Are American movies considered to be a genre in other countries?

Let’s say it’s twenty-five years ago and you walk into a video store. There would be different sections for different genres of movies. You’d have a section for comedies, one for dramas, on for horror, one for action thrillers, etc.

And some movies would also have a section for foreign movies. A movie like La Cage aux Folles, for example, would be in the foreign movie section rather than in the comedy section. There was a perception that people looking to rent foreign movies were different than people looking to rent comedies. Foreign movies were seen as their own genre. And while video stores have mostly disappeared, this perception still exists.

Does that perception also exist about American movies in other countries? Do people in Europe, for example, group movies like Titanic, The Dark Knight Rises, Halloween, and American Pie together in a single genre because they’re all American movies?

If they are grouped together as foreign movies, are they grouped with movies from other countries? In France, for example, would American movies be grouped in with German movies and Chinese movies? Or are American movies seen as their own genre, separate from other countries?

Here in Panama, nearly all movies shown in theaters are American-made, or at least the original language was English. (They are mostly subtitled in Spanish, although action and kid’s movies are usually shown in a dubbed version as well.) We get very few movies in which the original language was Spanish, and very few in other languages. (I saw Amelie and Parasite in the theater with Spanish subtitles, but those are the only cases I can recall.) “American movies” are just “movies.”

Back when we had Blockbuster, there may have been a few shelves of movies in Spanish (Mexican comedies like Cantinflas) or other languages, but 95% of the stock was American/English language movies.

They have been, for purposes of being banned. Communist Romania under Ceaușescu, for example.

No, in South Africa, they were not their own genre. Most movies available here back then were American, anyway, and they would be grouped by genres like Action, Family, Romance etc along with other English-language producers like British or Australian.

Funnily-enough, South African English movies were grouped under the “Local” genre.

The reality was and is almost opposite to the OP’s suggestion. Here in Northern Europe, 25 years ago, the vast majority of popular movies were American. There wasn’t any kind of group genre for American films, as movies almost = American, and many people never watched anything else, at least voluntarily.

These days, things are more varied, but American films still rule the roost. European films may or may not warrant a label of French, Italian, Swedish etc., but American films never do. Intuitively, to this day, movies ~ American.

It possibly depends on the country and the language they speak there. In both Canada and Quebec, most movies are from the States and are grouped into the usual categories. Even in Mexico, this is also the case - the shear volume of American movies does not mandate its own category when movies are labelled.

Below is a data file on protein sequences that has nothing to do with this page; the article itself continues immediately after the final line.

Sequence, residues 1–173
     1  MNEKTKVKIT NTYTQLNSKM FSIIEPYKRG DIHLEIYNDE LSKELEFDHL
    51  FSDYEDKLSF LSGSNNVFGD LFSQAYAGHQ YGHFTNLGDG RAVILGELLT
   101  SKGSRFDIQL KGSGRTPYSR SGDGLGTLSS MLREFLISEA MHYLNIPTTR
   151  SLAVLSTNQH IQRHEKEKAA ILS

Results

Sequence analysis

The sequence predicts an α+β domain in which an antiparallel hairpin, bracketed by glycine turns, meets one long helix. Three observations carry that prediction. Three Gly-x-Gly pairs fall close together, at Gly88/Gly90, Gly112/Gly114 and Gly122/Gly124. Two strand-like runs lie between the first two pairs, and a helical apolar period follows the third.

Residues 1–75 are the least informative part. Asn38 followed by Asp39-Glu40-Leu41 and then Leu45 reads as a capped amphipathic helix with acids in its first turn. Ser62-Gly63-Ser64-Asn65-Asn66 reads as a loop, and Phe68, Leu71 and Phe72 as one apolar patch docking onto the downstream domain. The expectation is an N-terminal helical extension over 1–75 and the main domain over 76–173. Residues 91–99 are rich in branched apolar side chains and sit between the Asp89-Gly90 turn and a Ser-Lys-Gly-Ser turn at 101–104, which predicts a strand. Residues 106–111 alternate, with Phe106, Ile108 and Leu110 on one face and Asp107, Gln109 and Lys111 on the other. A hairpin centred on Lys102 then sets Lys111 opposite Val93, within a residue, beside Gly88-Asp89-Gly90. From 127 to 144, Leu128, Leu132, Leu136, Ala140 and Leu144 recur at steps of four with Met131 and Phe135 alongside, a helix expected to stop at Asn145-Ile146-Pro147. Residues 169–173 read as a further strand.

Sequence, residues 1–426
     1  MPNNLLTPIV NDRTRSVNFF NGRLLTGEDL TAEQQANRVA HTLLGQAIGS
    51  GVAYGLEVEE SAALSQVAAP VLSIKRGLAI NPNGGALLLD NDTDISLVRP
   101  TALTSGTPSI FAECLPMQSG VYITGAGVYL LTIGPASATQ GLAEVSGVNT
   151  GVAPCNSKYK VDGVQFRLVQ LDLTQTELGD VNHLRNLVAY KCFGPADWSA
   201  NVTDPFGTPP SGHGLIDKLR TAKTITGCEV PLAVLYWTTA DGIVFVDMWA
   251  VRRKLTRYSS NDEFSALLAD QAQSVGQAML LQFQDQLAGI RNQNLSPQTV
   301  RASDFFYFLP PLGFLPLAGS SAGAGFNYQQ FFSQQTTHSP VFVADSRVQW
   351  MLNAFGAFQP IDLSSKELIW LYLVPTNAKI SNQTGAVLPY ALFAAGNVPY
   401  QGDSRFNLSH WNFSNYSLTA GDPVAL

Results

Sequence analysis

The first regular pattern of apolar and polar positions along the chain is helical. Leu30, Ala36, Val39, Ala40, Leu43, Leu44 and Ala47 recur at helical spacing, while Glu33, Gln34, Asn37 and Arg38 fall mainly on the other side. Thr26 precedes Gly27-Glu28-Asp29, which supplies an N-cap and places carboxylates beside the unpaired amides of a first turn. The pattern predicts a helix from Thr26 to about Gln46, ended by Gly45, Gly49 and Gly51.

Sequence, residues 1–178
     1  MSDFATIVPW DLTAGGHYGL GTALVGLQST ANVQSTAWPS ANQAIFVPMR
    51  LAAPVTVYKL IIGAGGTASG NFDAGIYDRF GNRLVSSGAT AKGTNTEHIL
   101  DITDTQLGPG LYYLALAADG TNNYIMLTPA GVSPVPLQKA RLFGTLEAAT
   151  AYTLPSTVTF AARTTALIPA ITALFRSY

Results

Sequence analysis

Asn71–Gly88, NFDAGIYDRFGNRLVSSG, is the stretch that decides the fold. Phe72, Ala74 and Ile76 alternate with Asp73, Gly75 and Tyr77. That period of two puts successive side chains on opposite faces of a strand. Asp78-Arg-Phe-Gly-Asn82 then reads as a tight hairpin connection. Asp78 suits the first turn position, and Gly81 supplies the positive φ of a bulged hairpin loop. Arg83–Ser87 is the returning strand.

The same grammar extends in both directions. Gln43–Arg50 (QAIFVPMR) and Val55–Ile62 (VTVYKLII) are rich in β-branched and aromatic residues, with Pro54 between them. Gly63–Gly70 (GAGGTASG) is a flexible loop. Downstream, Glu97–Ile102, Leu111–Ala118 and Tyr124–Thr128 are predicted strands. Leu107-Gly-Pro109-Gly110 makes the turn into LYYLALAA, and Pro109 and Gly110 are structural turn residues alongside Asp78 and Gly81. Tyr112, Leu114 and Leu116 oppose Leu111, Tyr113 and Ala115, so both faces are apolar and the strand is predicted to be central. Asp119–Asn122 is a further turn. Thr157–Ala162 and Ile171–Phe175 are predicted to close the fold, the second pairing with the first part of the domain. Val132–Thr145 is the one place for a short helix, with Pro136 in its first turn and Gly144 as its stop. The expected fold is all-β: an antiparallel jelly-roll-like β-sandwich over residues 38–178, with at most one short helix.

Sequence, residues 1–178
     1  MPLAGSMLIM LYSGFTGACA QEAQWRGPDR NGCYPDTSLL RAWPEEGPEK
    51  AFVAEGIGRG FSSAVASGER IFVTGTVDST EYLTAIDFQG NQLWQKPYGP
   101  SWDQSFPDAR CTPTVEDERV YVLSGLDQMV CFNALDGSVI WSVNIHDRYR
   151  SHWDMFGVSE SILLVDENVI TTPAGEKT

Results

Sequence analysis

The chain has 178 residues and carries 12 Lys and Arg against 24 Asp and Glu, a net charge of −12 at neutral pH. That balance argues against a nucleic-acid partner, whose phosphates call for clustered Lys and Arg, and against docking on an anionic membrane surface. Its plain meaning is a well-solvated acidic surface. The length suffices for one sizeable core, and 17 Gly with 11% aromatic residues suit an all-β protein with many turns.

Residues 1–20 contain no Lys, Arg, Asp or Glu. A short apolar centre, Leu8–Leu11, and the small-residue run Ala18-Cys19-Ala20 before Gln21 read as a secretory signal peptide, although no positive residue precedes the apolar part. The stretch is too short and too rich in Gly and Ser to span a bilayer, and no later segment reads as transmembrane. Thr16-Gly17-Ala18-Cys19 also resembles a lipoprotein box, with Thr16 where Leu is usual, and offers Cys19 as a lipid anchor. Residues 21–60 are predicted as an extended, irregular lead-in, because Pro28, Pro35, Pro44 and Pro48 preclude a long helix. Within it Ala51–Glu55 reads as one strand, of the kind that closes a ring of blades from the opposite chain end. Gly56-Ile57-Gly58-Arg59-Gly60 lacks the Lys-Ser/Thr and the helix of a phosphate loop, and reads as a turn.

I doubt this is the case elsewhere, too. Perhaps India (Bollywood), Nigeria (Nollywood) and Egypt supposedly have large film industries in native languages, and may have relatively fewer US films.

I was also wondering about China, Japan, and South Korea, which have their own sizeable local film industries and where English is not the native language.

a guy I knew worked in Saudi Arabia for a few years. They actually showed Three’s company on TV. He said it was so heavily censored you could not even figure out the plot. I assume they knew the basic premise of the show when they decided to show it but maybe not.

Even in Japan the popular movies are very heavily American. See 2019:

Ah, video stores! Fond memories.

In Ireland and in Australia American films were not separated. Action, comedy, drama, etc genre would contain English-language films without distinction of nationality; American films would of course predominate. Foreign-language films were separated. Films from different countries might be grouped as, e.g., European films (which would not include British films), or separated into French, Italian, etc.

I will second this, from the perspective of an American who has been living in Europe for the past few years.

I’ve traveled all over the continent, but I’ll use Paris as a specific example, because they’re so movie-crazy, and because France makes a point of aggressively supporting local filmmakers and the French film industry. As you walk around Paris, movie posters are everywhere. There’s even a huge multi-screen cinema on the Champs-Élysées, a couple blocks from the Arc de Triomphe, which is some of the most expensive real estate in the world.

And even there, with lots of French productions being officially supported, fully half of the posters and the multiplex screens are given over to American movies. In my home country, if you go into our local equivalent of a Best Buy, the disc section is probably two-thirds American films, divided into the usual categories (Action, Romance, Western, etc.) with American and European discs slotted right next to each other within those genres.